Rats are maybe the most unwelcome animals in any household. They’re considered gross and disgusting by most people and for good reason. Rats are known to spread all kinds of nasty diseases, so nobody wants them around. But can rats attack humans? This is another question that’s on the minds of many people.
Before we delve deeper into this matter, you should know that the general idea and rule of thumb is that animals are afraid of us at least as much as we’re afraid of them and any animal who’s cornered or provoked will always try any possible means to escape the encounter, which sometimes implies attacking or biting.
What are Rats Attracted to?
First, one should know that rats are omnivore creatures and living near humans is their easiest way of finding food. So yes, indirectly, rats are attracted to us. They’re known to cause infestations and are even guilty for the extinction of many bird and small animal species.
But since they’re omnivores, they’re not picky with their food and sources, as they often eat seed, nuts and plants. So the first thing you can do for rats not to be attracted into your home is to keep everything clean and tidy and make sure any possible holes or cracks in the walls of your house or apartment are properly sealed, leaving rats no way of getting inside.
Can Rats Attack Humans?
The answer to this question situates in the gray area between yes and no. It mostly depends on each particular situation. As we said earlier, the general idea is that a wild animal – any wild animal – will defend himself if put in the situation to do that. They’re afraid of us and they will do everything possible to survive, but they won’t necessarily attack something that is larger than themselves.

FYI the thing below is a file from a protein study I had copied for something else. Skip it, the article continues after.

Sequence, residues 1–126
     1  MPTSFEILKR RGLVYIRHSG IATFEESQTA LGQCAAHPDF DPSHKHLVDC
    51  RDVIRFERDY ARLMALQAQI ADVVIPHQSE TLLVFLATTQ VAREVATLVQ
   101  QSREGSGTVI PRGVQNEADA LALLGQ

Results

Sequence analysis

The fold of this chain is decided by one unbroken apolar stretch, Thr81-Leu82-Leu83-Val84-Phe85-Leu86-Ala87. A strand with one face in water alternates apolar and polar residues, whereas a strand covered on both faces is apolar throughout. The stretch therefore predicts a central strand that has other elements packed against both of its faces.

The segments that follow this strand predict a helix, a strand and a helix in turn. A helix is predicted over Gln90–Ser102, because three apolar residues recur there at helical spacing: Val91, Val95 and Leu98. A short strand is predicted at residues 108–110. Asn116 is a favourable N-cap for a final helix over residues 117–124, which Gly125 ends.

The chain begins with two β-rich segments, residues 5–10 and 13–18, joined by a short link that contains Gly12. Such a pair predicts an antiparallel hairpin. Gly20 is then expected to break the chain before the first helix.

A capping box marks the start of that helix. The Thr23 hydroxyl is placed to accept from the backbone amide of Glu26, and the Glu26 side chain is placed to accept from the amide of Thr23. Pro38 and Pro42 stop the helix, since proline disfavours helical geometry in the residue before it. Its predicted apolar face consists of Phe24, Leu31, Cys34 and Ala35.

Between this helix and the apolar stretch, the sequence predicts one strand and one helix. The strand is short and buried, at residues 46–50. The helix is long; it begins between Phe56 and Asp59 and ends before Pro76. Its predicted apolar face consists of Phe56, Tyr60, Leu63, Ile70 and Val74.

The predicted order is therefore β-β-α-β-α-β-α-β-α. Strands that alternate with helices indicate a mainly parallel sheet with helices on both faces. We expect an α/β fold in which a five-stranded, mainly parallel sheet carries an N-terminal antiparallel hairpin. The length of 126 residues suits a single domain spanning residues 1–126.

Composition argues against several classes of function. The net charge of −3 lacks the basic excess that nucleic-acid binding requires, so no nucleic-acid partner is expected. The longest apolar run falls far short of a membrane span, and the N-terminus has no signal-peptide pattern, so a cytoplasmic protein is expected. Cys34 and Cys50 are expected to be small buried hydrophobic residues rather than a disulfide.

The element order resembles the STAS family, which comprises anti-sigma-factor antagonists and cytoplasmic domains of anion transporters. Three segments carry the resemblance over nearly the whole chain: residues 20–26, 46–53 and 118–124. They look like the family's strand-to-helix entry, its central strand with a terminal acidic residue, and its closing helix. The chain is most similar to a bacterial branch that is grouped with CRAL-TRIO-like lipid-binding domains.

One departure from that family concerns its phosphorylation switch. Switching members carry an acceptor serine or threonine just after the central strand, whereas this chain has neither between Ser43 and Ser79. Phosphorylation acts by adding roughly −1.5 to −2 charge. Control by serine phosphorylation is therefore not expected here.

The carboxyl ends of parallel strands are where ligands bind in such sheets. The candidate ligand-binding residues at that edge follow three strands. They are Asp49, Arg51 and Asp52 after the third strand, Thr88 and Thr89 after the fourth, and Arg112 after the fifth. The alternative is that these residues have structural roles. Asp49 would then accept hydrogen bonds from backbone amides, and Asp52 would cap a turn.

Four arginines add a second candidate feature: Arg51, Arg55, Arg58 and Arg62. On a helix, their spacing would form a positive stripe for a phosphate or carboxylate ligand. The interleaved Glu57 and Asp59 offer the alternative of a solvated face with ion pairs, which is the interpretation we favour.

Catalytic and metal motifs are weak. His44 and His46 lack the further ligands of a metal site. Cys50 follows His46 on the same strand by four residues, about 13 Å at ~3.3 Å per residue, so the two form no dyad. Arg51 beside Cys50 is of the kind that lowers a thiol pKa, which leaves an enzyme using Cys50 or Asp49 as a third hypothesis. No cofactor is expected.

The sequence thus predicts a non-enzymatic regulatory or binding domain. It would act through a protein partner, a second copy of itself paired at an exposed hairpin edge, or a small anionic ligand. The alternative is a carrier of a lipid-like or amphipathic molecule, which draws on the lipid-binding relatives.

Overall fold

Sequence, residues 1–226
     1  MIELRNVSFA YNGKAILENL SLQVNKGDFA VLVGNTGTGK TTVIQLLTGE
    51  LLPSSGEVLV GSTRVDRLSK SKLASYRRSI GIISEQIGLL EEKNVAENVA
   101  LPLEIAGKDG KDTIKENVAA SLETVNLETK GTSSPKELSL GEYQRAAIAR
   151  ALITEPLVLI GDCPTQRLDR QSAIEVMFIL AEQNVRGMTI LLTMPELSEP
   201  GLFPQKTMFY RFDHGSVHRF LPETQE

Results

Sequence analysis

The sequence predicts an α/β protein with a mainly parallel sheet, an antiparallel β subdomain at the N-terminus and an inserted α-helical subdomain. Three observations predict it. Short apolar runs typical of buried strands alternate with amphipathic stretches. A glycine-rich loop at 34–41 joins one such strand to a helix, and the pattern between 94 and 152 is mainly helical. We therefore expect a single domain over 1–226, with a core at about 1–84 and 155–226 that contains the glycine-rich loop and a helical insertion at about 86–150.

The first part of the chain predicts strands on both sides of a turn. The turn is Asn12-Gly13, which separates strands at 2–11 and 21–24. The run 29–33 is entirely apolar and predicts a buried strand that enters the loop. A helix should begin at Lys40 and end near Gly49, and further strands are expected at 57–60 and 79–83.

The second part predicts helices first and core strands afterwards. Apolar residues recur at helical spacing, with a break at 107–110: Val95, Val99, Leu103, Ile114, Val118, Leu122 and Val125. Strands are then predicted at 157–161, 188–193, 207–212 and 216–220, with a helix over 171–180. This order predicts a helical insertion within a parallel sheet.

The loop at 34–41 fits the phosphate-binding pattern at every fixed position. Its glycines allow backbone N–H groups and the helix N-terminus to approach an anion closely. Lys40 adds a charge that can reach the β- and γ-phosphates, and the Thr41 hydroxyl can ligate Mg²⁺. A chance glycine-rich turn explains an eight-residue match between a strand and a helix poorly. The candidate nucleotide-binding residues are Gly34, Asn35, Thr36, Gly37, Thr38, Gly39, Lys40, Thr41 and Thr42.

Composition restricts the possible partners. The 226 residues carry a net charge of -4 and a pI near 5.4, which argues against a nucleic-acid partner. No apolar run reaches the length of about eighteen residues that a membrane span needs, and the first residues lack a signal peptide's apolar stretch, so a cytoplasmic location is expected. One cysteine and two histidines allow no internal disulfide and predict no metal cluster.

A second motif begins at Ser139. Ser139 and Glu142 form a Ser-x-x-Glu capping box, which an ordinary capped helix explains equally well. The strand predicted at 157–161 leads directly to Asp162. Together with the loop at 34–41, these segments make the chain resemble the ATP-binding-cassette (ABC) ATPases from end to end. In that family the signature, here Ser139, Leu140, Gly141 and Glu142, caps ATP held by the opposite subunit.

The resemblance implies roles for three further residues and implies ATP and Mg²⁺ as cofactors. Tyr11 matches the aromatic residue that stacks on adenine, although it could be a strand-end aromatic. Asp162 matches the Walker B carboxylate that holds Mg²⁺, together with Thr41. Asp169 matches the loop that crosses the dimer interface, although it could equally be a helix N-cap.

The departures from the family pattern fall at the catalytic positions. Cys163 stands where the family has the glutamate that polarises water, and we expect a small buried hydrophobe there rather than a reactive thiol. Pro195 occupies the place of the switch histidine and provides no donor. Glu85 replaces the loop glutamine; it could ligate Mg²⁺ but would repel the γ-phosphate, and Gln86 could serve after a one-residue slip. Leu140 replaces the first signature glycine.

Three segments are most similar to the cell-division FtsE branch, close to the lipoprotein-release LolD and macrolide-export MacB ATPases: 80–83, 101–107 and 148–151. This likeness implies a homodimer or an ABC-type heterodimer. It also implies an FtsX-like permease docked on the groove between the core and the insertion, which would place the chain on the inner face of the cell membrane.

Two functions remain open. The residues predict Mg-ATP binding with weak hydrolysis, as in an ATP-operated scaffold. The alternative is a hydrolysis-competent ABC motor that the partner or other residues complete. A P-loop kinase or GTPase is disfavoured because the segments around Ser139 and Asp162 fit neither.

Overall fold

So no, rats won’t attack humans just like that, out of the blue. Sure, there have been cases when rats have bitten helpless humans, most of them living on the streets or down in the sewers, or children in particular if they were left by themselves and fell asleep with food around them in a rat infested building or area.
If you research the cases in which humans have died bitten by rats, you’ll reach a pattern which is that most of the victims were helpless, elderly, weak and unable to defend themselves. For example, a homeless person fallen into the streets near trash bins or in a sewer might become a victim of rats biting, but that because she won’t be able to help herself out of the situation.
Rats are after all curious and while they don’t necessarily prefer human meat, they won’t back away from the opportunity either. But remember that they’re always scared of us, so if a person is able to move and in good condition, she can’t simply fall prey to rats at all because they don’t attack animals larger than themselves unprovoked.